In a lengthy Facebook post, a group called Save the Alamo warned that Texas Land Commissioner George P. Bush wants to erect a statue of the Mexican general who led his nation’s forces during the Battle of the Alamo in 1836 on the grounds of the historic mission in San Antonio.
Save the Alamo was created by Rick Range, a former candidate for land commissioner who challenged Bush during the 2018 Republican primary.
In the post, Range described a Dec. 4 meeting of the San Antonio Historic Design and Review Commission, at which he said new information about Bush’s plans for the site came to light.
"However, during that hearing, it was revealed that not only do George P. Bush and the GLO intend on moving the Cenotaph outside the boundaries of the Alamo; they also intend to erect a statue of the dictator Santa Anna and a memorial honoring the Mexican Army!" Range wrote. "I am not making this up. We know that parts of the Bush plan were going to be horrendous, but it now looks like it will be worse than we ever dreamed."
It’s true that the General Land Office, which Bush heads, has proposed moving the cenotaph monument, which honors those Texans who died at the Alamo, to a different location as part of the agency’s planned $450 million project to restore the Alamo.
But there are no plans to build a monument to Santa Anna and the Mexican Army at the Alamo.
Bush shared a series of tweets on Thursday rebutting the allegations in the post and suggesting that the claim has racist roots.
Here are his tweets, presented together:
"One must ask themselves, why am I being accused of honoring the murderous dictator Santa Anna?" Bush wrote. " Is it because my mother (now a naturalized citizen) is from Mexico? I was born in Houston, my wife is from San Angelo, and my boys were born-you guessed it- here in Texas.
"As a United States Navy Veteran, who deployed to Afghanistan, I know exactly what it means to be loyal to the American flag, this country and this great state. The idea that I would EVER place a statue of Santa Anna at the Alamo is patently false. Enough is enough. This is an outright lie, and is quite frankly, flat out racist."
There is no mention of constructing a statue or monument of Santa Anna in the official synopsis of the Alamo Master Plan, the restoration project.
The only time Santa Anna is mentioned in the synopsis is during an overview of the different political factions present during the Battle of the Alamo.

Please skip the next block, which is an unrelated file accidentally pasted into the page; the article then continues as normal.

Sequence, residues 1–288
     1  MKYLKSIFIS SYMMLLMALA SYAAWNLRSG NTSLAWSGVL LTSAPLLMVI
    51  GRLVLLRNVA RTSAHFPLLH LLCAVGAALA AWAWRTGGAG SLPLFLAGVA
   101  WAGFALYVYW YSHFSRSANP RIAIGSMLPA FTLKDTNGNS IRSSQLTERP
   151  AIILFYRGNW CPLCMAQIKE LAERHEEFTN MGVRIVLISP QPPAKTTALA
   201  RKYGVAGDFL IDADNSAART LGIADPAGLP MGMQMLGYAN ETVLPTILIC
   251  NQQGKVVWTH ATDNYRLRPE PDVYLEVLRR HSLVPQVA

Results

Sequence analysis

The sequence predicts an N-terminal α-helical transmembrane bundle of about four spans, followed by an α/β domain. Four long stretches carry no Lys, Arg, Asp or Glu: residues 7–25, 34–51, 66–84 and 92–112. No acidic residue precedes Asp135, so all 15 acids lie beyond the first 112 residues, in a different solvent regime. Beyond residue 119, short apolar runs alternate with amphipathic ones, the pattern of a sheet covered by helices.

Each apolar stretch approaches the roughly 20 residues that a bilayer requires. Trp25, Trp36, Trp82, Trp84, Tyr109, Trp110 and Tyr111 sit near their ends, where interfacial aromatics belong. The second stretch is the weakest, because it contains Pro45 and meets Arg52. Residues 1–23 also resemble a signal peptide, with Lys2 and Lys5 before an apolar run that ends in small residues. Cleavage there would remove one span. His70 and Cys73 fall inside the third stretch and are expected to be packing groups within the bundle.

San Antonio Council Member Roberto Treviño, who serves on the Alamo Master Plan Management Committee, told the Rivard Report that the statement is "baseless, and downright ridiculous."
"Among the information and rumors being spread about the plan for the Alamo, this might be one of the most obscene," he said. "We are honoring our history; we are honoring the truth; we are honoring freedom. Erecting a statue of Santa Anna does none of these things."
Molly Quick, director of government relations for the General Land Office, gave state lawmakers a progress report on implementation of the restoration project in a Dec. 17 email. There is no mention of Santa Anna or the Mexican Army in her materials.
Commission meeting video not altered
During the public meeting of the San Antonio Historic Design and Review Commission on Dec. 4, designers behind the restoration project sought the commission’s approval to start implementing the first phase of the plan, which includes landscaping and street improvements — as well as the repair and relocation of the cenotaph to its new location.
Range, who was not present at the meeting, said he was told by others in attendance that one of the speakers presenting the project said there were plans to "honor Santa Anna" at the redesigned site.
"One of the consultants on the design teams made the statement that they were going to honor both sides, including Santa Anna and the Mexican army," Range told PolitiFact Texas. "If you’re going to honor somebody, that is a statue or a memorial or a monument. I don’t know how else you would honor somebody."
But multiple viewings of the archived video of the hearing reveal that none of the people presenting the project said anything about honoring Santa Anna or constructing a sculpture for him or the Mexican army.
The only mention of Santa Anna came at the end of the presentation, when John Kasman, vice president of PGAV Destinations, spoke about future phases of the project and some details still under consideration.
"There are multiple stories that occurred upon that south edge that deserve to be told," he said, briefly mentioning the position of Santa Anna’s troops as one of those stories.
Range said this was not the remark from the meeting that concerned him — in fact, he said he thought a plaque showcasing the movement of the Mexican troops during the 1836 battle would be a "good idea" for the site.
Even though the video does not show any individual discussing a plan to "honor" Santa Anna, Range said he was certain the remark was made at the hearing.
"What they did was one of their typical ploys — they went through that video and redacted out that segment that caused the hubbub," Range said. "They didn’t want people seeing it."
David McElroy, the studio manager of TVSA, the public access channel that airs government meetings in San Antonio, said that footage of the Dec. 4 meeting was not edited.
The city uses a vendor that indexes and uploads footage from public meetings to the city’s website. If technical difficulties arise, the city may need to step in and upload its own version of the footage.
Either way, McElroy said the city "won’t ever edit a meeting for content," including during the Dec. 4 commission meeting.
"Is this the full record of this meeting? Absolutely," McElroy said.
In a Facebook post, Range said "George P. Bush to place statue of Santa Anna at the Alamo."
This claim is inaccurate. There are no current plans to include a statue of Santa Anna at the Alamo.
We rate this claim Pants on Fire.